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HBM bids for rival Swiss life science VC

HBM BioVentures is poised to acquire fellow Swiss life science investor International BM Biomedicine, following the recommendation of its CHF80m offer by the target company’s directors.

Baar-based HBM BioVentures has offered 0.42 of its own shares plus an additional CHF3.60 in cash for each share of International BM Biomedicine (Biomedicine), a rival Basle-based life science investor.

According to a source at HBM, the transaction values the target at around CHF80 million (€52 million; $69 million). The board of directors of Biomedicine have recommended that shareholders in the company should accept the offer, which runs from today (10 December) until noon on 21 December.  

Explaining the attractions of the deal, HBM chief financial officer Dr Joachim Rudolf told PrivateEquityOnline: “For Biomedicine, shareholders get access to a bigger and more cost-effective organisation, while for HBM it’s an attractive portfolio addition.” He said the intention post-completion is for Biomedicine to become a 100 percent subsidiary of HBM. Rudolf said employees of Biomedicine would not be transferring to HBM, and that they would be assisted “to find suitable alternatives”.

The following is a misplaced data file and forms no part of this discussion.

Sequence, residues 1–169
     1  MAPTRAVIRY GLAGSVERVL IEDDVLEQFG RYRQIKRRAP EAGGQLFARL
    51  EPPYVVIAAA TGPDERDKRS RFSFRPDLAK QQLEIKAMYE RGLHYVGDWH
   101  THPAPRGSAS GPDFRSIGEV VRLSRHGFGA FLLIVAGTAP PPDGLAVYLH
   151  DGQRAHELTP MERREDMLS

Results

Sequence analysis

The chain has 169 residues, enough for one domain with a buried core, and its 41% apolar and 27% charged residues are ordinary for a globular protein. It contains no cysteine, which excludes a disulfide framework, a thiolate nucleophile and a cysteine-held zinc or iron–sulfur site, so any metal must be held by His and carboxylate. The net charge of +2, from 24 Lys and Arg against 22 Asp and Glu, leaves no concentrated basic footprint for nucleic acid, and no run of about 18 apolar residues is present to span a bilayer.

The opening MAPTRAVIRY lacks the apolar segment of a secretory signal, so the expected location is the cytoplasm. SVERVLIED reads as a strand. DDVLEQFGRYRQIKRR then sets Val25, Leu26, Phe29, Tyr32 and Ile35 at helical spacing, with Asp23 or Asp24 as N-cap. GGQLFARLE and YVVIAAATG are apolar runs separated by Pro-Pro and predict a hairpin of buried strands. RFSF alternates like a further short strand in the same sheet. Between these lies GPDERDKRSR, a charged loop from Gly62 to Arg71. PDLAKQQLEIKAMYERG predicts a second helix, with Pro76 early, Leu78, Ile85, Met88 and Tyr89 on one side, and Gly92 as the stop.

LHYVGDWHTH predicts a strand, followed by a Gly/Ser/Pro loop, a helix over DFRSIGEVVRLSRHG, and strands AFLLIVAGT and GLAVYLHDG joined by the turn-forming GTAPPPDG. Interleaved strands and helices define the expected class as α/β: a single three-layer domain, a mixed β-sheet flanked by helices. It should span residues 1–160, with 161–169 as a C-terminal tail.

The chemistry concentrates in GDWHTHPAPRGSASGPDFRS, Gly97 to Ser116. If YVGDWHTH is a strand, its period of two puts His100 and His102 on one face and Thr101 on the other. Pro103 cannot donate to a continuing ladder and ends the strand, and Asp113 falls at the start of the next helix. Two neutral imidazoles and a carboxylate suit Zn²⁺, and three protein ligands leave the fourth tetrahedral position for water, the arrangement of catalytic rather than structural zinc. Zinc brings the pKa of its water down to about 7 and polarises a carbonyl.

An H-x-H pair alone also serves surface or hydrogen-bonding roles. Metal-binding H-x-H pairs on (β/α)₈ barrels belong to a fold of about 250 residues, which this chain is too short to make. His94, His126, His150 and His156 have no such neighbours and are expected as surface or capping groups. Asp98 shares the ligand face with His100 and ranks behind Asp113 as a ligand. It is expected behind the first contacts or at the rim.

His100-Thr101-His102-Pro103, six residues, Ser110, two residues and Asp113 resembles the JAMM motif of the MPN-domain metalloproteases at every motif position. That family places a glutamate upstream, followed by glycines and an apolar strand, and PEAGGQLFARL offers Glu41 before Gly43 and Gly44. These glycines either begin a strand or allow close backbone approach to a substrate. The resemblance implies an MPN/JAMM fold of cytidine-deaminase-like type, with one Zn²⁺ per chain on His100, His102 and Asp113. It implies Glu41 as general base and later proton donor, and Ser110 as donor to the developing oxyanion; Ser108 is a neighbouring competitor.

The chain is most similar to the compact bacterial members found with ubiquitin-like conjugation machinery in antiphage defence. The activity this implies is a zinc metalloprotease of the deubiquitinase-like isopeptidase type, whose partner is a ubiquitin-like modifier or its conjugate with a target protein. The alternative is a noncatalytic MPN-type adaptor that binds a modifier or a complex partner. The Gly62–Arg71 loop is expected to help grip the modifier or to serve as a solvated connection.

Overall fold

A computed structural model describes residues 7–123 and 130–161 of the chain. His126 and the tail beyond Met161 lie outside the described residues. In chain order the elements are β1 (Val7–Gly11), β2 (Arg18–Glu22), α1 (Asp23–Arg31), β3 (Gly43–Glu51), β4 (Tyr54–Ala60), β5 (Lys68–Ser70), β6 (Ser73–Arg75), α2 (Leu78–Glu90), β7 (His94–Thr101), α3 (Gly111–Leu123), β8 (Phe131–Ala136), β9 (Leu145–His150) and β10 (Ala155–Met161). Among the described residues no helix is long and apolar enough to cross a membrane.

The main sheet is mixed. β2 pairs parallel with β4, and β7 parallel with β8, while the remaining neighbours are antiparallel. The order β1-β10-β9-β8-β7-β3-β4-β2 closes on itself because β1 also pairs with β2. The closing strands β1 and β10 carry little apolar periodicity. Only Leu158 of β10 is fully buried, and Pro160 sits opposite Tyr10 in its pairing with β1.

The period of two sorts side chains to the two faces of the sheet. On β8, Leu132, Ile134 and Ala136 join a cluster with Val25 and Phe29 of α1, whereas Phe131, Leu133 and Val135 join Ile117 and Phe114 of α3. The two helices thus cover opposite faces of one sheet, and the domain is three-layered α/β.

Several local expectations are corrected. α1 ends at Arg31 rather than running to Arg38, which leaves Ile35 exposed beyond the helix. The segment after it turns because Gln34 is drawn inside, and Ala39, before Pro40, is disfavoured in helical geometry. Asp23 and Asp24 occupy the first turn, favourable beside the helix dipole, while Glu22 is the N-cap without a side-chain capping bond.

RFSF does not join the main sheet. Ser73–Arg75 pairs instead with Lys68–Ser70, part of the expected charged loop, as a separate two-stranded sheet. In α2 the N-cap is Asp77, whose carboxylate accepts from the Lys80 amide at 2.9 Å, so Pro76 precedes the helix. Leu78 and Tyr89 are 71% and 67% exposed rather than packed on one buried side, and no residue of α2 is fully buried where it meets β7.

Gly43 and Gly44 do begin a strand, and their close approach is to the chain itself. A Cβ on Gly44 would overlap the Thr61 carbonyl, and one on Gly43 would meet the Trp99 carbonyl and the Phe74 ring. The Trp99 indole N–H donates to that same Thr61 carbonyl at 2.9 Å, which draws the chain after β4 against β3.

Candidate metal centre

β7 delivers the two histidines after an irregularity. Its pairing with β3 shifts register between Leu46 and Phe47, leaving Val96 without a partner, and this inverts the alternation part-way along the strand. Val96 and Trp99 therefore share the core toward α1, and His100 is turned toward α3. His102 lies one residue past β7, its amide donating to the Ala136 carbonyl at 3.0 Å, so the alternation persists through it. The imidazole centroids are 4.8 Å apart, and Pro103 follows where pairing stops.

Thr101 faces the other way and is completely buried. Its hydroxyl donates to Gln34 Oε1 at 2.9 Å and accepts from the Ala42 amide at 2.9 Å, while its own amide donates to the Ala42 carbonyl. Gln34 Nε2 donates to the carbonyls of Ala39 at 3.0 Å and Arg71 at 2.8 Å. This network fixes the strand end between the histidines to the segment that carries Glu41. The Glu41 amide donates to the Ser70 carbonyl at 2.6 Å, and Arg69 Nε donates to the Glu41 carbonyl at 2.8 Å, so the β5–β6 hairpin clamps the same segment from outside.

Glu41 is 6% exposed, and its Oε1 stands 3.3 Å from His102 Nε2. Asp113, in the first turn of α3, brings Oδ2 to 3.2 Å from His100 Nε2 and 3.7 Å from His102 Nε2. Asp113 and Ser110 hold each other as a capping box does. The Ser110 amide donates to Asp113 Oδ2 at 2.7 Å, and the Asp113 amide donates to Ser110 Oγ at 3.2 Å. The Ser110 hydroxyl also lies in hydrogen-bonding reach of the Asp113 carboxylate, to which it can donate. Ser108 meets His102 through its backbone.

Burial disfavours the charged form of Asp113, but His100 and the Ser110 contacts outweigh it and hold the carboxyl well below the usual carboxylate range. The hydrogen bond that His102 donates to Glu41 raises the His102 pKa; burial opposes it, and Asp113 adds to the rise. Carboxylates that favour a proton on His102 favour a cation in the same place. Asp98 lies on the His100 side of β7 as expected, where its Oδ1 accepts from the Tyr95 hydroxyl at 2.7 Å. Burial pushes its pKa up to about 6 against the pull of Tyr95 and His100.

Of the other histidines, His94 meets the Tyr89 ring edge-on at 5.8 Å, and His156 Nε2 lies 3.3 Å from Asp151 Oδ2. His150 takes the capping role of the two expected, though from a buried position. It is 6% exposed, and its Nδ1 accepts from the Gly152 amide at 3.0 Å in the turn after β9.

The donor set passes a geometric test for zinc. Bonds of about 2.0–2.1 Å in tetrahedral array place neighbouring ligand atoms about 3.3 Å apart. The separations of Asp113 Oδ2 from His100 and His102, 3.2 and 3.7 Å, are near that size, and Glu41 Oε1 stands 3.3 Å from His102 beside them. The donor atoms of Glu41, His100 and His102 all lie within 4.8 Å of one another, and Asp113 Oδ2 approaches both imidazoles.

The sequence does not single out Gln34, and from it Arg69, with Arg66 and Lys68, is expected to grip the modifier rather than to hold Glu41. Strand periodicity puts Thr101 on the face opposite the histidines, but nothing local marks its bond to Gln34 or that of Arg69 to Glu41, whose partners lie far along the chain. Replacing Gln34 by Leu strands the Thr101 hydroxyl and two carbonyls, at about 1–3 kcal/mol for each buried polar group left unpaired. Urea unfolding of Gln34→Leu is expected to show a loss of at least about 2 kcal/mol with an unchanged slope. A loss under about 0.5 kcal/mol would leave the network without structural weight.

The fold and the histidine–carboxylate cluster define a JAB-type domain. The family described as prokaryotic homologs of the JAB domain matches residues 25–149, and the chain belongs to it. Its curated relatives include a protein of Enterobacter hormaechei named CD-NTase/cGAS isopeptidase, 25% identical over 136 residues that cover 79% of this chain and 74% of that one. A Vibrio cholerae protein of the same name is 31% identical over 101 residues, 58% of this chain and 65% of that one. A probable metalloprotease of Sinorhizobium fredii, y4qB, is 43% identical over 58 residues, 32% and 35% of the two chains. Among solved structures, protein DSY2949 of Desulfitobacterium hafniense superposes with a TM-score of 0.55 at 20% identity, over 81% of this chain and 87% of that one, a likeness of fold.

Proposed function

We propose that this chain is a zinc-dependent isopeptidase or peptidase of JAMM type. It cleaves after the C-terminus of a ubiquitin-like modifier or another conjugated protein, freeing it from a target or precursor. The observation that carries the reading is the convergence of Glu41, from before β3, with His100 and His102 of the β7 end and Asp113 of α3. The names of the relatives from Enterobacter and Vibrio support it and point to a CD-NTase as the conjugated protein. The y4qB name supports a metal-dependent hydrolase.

The combination of the two organisations will result in a Swiss-domiciled global life science investor with around CHF900 million under management, focused on US and European public and private equity investments mainly in the biopharmaceutical and medical technology sectors. Rudolf said the firm would have around 40 positions in private companies and 25 in public companies.

HBM’s first fund, which it raised in 2001, received total commitments of €500 million. It is currently raising a second fund, HBM BioVentures II, which is focused purely on private equity. Biomedicine, which was founded in 1997, had made 17 investments in life science companies as at June 30 2004. In April 2004, portfolio company Cytokinetics achieved an IPO on Nasdaq, raising nearly $90 million.

Rudolf said the combined entity would explore the possibility of an IPO once portfolio holdings were valued more realistically. He added this was an attraction of the deal for Biomedicine shareholders, as Biomedicine was forced to shelve its own IPO plans due to its lack of size and a downturn in capital markets sentiment. HBM shares are currently traded “over-the-counter”, a limited form of trading that takes place outside stock exchanges.

If successful, the deal would represent HBM’s second acquisition of a rival Swiss-based life science investor since it was formed nearly four years ago. In 2001, it acquired New Medical Technologies in a transaction valued at around CHF225 million.

Rudolf said the latest deal was part of an “ongoing” consolidation of life science investors, driven by the need for balance sheet heft in an environment not conducive to rapid exits. “IPO valuations have been depressed and it’s been tough to exit through that route. This means exits take longer and you need financial strength to keep supporting companies over many years. The size of the investment vehicle matters more than it used to.”